Album Review: Now or Whenever // Spector


After a brief but soporific intro that sounds like it belongs on the soundtrack to Interstellar, Spector’s long-awaited third full-length release Now or Whenever launches into ‘Catch You On The Way Back In’, the single that heralded the part-time outfit’s triumphant return in June last year

This is quintessential Spector for fans of their frenetic debut, Enjoy It While It Lasts, which turns ten in August this year, and is swiftly followed by the catchy ‘Do You Wanna Drive’. “It’s funny how time stutters / It’s funny how time flies”, sings Fred Macpherson on an album that’s for the most part concerned with just that. Where have the last two years gone? What do you say when there’s nothing to say? Well, in guitarist Jed Cullen’s words: “We start talking and writing about the past and the future as if to escape from this paradoxically mundane/extreme present.” 

The less musically gifted amongst us have had to content ourselves with online shopping, an endless stream of Hermes deliveries in our quest for dopamine. But demand outstripped supply: originally set for release in October 2021, the release date of Now or Whenever was delayed to account for a vinyl manufacturing traffic jam. Those who have waited patiently to get their hands on the LP’s raindrop-studded sleeves will no doubt be relieved as she starts to spin. 

“You’ve been looking for a mint condition, first edition / You’ve been looking for the real deal,” croons frontman Macpherson on second single, ‘Funny Way Of Showing It’, co-written with The Magic Gang’s Jack Kaye. This is an album for a generation obsessed with buying things and displaying them on bookshelves and coffee tables, in houses they can’t afford to own. 

Macpherson’s trademark witticisms abound, particularly on standout track ‘No One Knows Better’, an eviscerating takedown of a generation of ‘plant mums’: “Sadomasochistic but you love your plants.” With its insistent chorus of “I’m not like you, I’m not like you, I’m not like you / It’s unlike me / It’s not likely that I like you” it sounds like a cynical response to The Dandy Warhol’s ‘Bohemian Like You’ (let’s not overlook the two bands’ shared interest in great cars).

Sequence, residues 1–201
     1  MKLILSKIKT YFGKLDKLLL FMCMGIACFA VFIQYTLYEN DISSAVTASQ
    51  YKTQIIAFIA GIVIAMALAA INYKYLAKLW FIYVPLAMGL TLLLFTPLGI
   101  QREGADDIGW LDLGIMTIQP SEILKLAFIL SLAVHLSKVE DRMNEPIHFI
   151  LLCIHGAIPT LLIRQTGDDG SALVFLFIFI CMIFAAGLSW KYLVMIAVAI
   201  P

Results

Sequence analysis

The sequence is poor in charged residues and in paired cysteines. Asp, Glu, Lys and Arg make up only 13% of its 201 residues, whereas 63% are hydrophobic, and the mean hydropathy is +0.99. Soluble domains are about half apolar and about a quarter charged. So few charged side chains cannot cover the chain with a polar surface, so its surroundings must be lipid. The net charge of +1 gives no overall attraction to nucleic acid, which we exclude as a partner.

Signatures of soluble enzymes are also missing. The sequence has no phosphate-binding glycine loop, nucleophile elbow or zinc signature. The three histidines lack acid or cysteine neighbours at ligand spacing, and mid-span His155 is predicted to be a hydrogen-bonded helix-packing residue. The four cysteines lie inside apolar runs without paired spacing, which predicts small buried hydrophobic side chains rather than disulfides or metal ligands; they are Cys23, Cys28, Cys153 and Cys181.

The waltzy ‘I’m Not Crying You’re Crying’, was written in the early days after lockdown one, and is accompanied by an absurdist music video featuring a puppet double of Fred. “We wrote ‘I’m Not Crying You’re Crying’ with self-proclaimed ‘king of chords’ MT Hadley,” said the band’s bespectacled singer. “He suggested we all keep our masks on throughout the session, which meant we couldn’t see each other’s facial expressions as we came up with it. I think that’s how we found the precipice between tragedy and comedy. There’s no excuse for the fretless bass though.” There’s certainly something tragi-comic about picturing Macpherson, spectacles steaming, as he tries to put the sense of collective listlessness we’ve all felt into words.

Concerned mostly with the passage of time when you’re not sure anything’s changing, this is a fragmented collection that combines snippets of nostalgia — see “For twenty-five seconds / we were back then and you were 26 and I was 27” from ‘Bad Summer’ — with wistfulness; see ‘D-roy’ — “When did everything close / and now whose memories are those?”. It’s not negative, per se, more contemplative. There are glimmers of hope, too.    

There’s been a hell of a lot of time in the past two years for clearing out wardrobes and discovering old yearbooks or faded photographs of friends or lovers from days gone by, so perhaps it’s no wonder that the record is preoccupied with growing up and the changes that accompany that, including perhaps, “Pregnancy test in the recycling / the avocados ripening”, a quintessentially millennial scene set in ‘This Time Next Year’.

Musically more accomplished than anything the band has put out to date, Jed’s guitar takes centre stage throughout, with funky riffs in album outro ‘An American Warehouse In London’. A sense of experimentation natural to having had so much time to mess around with new ideas emerges with flutes, drones, and alternative tunings across the board. Ten years on from the youthful exuberance of Enjoy It While It Lasts, the band are older and perhaps burdened by the weight of adulthood, but Now or Whenever proves that hasn’t change their ability to write a damn good tune.

Words by Beth Kirkbride

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